- Putting Apache in Front of Domino
- Better Living Through Reverse Proxies
- Domino's Server-Side User Security
- A Partially-Successful Venture Into Improving Reverse Proxies With Domino
- PSA: Reverse-Proxy Regression in Domino 12.0.1
For a good while now, I've been making use of the
HTTPEnableConnectorHeaders notes.ini property in Domino to allow my reverse proxies to have Domino "see" the real remote system. Though this feature is coarse-grained and is best paired with some tempering, it's served me well when used on appropriately-configured servers.
Unfortunately, HCL saw fit to remove this feature in 12.0.1, declaring it a security vulnerability. I don't think this made it into the release notes as such, but did eventually get patched into the "Components no longer included in this release" page for V12.
Obviously, the true problem here is that it makes my blog entries retroactively less useful. However, a secondary issue is that it will damage your applications in two main ways if you were making use of these headers:
The $WSRU header allowed you to specify a username to act as for the duration of the web request, and this would be honored from the core: all legacy and Servlet components would see that as the true authenticated user. This header is essentially a quick-and-dirty SSO mechanism, and works similarly in that way to an LTPA token.
Fortunately, this header has some workarounds, though proper ones would likely require diving into some C:
- If you have a simple situation where you were using it to log in as a single known user, you could switch to sending HTTP Basic auth with that user's credentials
- If the server in front of Domino happens to have been written by IBM, you could potentially spin your own LTPA tokens on that side and have them trusted by Domino
- You could establish your own exchange between the proxy server and Domino to have Domino generate an SSO token for an arbitrary name for you and then pass that along (note: if you do that, use Domino JNA to do the heavy lifting)
- You could write a DSAPI filter to implement whatever type of authentication you like
With any of those, Domino will trust the user you provide it to the same extent it previously would trust the $WSRU header when configured to do so.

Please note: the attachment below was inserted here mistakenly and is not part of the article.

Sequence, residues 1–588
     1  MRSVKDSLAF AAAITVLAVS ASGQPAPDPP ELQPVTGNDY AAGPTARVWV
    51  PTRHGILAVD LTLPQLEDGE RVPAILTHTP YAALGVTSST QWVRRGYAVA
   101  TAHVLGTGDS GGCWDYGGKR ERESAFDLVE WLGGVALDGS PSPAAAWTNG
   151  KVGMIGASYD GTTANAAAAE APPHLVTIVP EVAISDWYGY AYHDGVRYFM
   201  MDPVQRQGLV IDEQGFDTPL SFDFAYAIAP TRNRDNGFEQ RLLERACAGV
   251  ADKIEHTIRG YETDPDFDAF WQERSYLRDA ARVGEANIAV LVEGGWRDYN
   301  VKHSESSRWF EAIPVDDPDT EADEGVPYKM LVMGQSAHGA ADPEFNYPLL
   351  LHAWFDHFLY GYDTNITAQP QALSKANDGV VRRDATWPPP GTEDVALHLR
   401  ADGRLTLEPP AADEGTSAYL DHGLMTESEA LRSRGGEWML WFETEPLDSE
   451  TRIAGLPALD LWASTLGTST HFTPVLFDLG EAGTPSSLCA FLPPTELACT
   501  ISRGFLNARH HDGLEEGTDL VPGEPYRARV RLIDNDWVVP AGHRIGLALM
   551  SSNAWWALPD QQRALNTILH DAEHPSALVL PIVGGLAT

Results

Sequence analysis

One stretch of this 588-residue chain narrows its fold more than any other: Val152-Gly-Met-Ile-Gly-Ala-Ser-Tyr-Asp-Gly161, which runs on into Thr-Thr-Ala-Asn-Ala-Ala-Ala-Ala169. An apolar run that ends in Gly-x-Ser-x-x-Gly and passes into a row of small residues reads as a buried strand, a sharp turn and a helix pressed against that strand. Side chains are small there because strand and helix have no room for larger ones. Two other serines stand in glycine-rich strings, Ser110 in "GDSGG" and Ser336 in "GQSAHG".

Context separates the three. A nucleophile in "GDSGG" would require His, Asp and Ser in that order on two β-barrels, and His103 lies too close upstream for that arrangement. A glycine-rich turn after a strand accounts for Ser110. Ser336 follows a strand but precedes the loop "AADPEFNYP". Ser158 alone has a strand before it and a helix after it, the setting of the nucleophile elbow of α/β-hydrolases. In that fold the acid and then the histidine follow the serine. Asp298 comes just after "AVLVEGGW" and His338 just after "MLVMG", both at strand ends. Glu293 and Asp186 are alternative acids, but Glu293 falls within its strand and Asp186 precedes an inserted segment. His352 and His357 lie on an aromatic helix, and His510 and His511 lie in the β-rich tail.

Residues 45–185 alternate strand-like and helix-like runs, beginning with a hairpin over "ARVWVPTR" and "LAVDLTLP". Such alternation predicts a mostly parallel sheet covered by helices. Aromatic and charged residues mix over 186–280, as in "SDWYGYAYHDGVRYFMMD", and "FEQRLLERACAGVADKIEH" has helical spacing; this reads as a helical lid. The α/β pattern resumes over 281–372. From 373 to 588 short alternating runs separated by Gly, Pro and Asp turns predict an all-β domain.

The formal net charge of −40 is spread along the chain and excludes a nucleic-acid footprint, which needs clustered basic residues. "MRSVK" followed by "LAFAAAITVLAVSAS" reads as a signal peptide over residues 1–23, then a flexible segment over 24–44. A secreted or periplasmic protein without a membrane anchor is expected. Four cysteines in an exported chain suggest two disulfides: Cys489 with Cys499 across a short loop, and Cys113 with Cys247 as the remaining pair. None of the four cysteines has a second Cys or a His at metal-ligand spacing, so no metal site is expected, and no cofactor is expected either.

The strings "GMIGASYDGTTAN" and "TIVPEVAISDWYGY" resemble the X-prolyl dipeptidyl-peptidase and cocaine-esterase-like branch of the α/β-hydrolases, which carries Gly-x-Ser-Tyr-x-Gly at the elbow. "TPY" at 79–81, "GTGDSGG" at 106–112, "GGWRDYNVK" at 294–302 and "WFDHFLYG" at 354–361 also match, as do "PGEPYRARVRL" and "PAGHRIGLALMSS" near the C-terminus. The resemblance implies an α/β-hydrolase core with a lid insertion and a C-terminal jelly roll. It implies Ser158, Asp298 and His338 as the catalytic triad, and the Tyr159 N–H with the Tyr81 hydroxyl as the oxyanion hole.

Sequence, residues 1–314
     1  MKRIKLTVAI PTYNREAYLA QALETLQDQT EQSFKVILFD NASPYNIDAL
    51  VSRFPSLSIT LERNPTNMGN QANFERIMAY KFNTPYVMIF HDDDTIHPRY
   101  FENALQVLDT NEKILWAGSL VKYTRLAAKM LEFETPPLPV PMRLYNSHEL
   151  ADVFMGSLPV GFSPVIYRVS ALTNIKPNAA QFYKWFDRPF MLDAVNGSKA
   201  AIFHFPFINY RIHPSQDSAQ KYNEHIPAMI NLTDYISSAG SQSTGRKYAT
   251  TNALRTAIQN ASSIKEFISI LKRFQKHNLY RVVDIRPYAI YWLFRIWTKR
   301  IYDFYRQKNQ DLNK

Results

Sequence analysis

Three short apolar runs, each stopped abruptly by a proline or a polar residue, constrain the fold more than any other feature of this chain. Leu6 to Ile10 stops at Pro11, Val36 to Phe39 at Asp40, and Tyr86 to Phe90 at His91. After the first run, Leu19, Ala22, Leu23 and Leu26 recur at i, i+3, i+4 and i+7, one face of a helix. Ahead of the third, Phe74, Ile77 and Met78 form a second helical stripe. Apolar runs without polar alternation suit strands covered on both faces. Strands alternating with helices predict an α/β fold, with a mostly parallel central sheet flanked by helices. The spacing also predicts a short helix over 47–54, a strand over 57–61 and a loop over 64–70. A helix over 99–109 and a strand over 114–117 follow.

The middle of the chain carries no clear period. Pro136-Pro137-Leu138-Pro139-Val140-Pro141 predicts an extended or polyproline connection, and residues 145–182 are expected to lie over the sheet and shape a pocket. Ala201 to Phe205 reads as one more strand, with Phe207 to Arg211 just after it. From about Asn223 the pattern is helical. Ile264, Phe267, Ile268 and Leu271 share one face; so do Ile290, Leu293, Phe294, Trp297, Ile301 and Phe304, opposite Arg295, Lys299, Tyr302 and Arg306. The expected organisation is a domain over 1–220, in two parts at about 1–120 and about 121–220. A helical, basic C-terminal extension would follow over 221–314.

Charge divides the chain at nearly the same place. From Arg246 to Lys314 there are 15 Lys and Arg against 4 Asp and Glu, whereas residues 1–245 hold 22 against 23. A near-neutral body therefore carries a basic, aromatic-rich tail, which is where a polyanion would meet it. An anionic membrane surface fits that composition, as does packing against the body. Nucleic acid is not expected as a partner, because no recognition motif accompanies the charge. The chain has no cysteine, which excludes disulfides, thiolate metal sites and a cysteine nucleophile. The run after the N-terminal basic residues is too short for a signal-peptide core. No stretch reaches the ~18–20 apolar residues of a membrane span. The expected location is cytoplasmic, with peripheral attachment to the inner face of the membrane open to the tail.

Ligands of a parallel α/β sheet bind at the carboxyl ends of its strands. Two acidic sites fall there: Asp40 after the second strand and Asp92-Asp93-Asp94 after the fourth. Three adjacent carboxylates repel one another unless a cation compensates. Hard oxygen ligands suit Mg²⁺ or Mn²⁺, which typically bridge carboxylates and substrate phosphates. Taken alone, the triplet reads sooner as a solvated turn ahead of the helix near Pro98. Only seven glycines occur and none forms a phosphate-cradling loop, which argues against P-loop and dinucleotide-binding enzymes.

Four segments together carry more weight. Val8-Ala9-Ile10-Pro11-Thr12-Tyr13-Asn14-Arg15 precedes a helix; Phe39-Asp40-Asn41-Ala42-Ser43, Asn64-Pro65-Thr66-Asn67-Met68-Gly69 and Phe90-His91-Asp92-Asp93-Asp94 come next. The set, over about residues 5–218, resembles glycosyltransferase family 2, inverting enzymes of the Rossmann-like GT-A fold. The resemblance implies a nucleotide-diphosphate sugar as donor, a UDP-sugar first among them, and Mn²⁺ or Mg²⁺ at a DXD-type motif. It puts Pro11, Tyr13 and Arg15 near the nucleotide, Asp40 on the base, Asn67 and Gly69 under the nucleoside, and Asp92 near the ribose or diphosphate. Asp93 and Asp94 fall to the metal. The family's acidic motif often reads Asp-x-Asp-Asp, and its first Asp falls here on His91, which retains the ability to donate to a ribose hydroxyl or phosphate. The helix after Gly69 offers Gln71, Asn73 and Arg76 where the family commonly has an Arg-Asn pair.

Note: if you do implement your own authentication, don't just re-use $WSRU. It appears that part (all?) of the change on the Domino side is to hard-strip the $WS* headers from the incoming request.
Remote IP Address, etc.
The other use, which I've used in a good many deployed apps, is to use $WSRA and friends to tell Domino what the true remote IP address is. When you do this, CGI item values like
REMOTE_ADDR will reflect the external user's IP address instead of the proxy server's.
Since 9.0.1FP8, there's been a notes.ini property -
HTTP_LOG_ACCESS_XFORWARDED_FOR - that will tell Domino to pay a little attention to the de-facto standard
X-Forwarded-For header that proxies often use to tip an app server off to the proxy hops a request took to get to its destination. From what I can tell, this support remains limited to just writing to a new field in log entries in domlog.nsf. The in-app CGI variables will still reflect the reverse proxy's address.
Unfortunately, as I found when I was trying to make a DSAPI filter to properly trust that header, these request values are not writable in such filters. It might hypothetically be possible to get some of this with EM triggers juggling fields around for classic use and futzing with the low levels of the XPages stack, but even I wouldn't resort to that.
The upshot is that if, for example, you're storing
REMOTE_ADDR in created documents or making use of
ServletRequest#getRemoteHost, you'll have to alter your applications to also consider
X-Forwarded-For, and the same goes for any other such fields you were using.
As above, if you do this, you can't use $WSRA et al, as I don't think they'll be visible in your app.